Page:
A black and white photo of the Waitaki dam.

Power from the River

10 Nov 2020
Hydroelectric power has a long history in Aotearoa New Zealand, with the first projects commissioned in the early 20th century.

There are now dozens of generators across the country.

Our audiovisual collection covers many of these hydroelectric stations.

Construction of the Roxburgh Hydro scheme is well-documented. In 1956, it was the largest hydroelectricity scheme in Southern Hemisphere, and Pacific Magazine 27 notes that many predicted the Clutha River would defy attempts to tame it. Workers from 26 nations were involved in the construction and this recording provides a good overview of the enormous amount of work involved.

Hero image: Waitaki Dam and Hydro in New Zealand.

'Pacific Magazine 27 - Power of the South' - The Roxburgh Hydro Electric scheme construction required the damming of the Clutha River. Work began on the dam in 1955 and involved men from 26 countries working 12 hour shifts, day and night.

Hydraulic Model Tests Roxburgh Power Project has an extensive and charming  sequence showing ‘how to build a dam’, particularly showing the process of constructing a cofferdam – a temporary dam that allows the final, complete one to be built.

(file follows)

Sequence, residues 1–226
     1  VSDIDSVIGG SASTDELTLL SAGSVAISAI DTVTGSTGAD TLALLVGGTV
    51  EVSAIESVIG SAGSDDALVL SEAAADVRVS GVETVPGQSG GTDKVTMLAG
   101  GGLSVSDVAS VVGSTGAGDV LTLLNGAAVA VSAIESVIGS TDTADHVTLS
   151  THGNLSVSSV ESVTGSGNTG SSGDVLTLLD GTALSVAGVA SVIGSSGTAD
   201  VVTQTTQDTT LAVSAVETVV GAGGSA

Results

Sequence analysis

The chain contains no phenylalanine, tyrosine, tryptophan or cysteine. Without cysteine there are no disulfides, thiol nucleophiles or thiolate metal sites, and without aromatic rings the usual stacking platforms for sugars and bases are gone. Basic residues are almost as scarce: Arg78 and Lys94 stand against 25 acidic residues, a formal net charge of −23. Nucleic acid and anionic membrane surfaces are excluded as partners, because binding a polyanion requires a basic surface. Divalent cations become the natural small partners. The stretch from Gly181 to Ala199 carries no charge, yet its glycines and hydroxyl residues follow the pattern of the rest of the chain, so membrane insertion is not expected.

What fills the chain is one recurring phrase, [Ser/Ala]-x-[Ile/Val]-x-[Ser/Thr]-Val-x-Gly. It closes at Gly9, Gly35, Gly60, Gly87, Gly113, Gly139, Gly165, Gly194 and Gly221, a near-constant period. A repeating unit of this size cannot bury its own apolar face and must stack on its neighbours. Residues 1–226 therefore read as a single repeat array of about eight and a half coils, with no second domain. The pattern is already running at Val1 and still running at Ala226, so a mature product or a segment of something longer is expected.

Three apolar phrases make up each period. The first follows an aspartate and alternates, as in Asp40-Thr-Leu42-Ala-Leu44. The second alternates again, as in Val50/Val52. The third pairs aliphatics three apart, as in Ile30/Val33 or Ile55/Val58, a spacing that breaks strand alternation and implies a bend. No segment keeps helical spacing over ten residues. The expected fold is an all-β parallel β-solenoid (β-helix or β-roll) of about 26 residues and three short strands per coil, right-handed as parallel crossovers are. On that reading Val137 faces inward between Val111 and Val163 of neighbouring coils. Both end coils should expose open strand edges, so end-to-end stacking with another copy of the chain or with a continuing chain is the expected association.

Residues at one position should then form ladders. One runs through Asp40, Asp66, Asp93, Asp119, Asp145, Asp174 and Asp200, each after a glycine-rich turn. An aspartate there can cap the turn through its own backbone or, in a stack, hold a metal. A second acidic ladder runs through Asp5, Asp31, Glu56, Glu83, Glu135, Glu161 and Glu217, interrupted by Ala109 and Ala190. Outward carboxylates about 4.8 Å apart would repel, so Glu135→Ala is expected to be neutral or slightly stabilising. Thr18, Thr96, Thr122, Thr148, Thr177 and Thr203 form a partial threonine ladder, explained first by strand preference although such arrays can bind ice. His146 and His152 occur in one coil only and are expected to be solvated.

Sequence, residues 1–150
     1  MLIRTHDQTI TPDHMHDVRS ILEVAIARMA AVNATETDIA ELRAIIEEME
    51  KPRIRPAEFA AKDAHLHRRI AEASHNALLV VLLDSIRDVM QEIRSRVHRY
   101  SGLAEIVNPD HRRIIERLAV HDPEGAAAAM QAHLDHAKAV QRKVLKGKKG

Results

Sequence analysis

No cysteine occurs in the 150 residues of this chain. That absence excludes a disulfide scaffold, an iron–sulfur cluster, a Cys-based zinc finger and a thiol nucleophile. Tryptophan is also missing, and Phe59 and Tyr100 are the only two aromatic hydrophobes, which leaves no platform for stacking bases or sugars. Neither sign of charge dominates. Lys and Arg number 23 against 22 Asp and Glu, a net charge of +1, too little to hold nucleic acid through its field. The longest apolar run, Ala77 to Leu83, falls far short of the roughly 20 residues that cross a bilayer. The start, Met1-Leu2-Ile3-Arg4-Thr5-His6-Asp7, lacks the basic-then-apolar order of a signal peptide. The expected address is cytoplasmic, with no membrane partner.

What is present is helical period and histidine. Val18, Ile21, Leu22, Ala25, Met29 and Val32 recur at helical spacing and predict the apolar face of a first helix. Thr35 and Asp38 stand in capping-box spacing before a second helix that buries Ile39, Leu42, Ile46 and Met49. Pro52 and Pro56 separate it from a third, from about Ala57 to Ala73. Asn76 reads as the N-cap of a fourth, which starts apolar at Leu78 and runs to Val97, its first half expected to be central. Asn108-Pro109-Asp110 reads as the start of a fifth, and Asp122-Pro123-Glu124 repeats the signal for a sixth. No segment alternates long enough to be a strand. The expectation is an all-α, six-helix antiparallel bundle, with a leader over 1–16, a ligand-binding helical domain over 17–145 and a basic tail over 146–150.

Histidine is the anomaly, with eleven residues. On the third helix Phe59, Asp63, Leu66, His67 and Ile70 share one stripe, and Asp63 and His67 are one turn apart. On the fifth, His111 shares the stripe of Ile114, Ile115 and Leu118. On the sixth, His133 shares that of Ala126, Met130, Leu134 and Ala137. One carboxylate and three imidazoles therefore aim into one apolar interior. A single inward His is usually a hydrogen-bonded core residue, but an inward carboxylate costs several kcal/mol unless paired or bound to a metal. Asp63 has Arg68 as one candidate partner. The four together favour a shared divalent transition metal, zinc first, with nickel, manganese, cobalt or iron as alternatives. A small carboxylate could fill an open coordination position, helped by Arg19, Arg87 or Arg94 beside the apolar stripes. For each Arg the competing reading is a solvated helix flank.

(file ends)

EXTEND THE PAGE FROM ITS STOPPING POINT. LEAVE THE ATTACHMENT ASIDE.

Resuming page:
While electricity is crucial to the country, there has been strong opposition to some hydroelectric projects. This series of clips from the sound archives on RNZ’s Afternoons with Jesse Mulligan tracks the mixture of construction and protest around the Manapouri Power Project. It features John Hanlon’s track “Damn the Dam” whose sobering lyrics include ‘to give power to the people all this beauty has to die’.

The long-running Spectrum radio documentary series spoke with Cromwell residents in 1975 about the Clutha Valley hydro development. This project resulted in the whole township being moved to higher ground.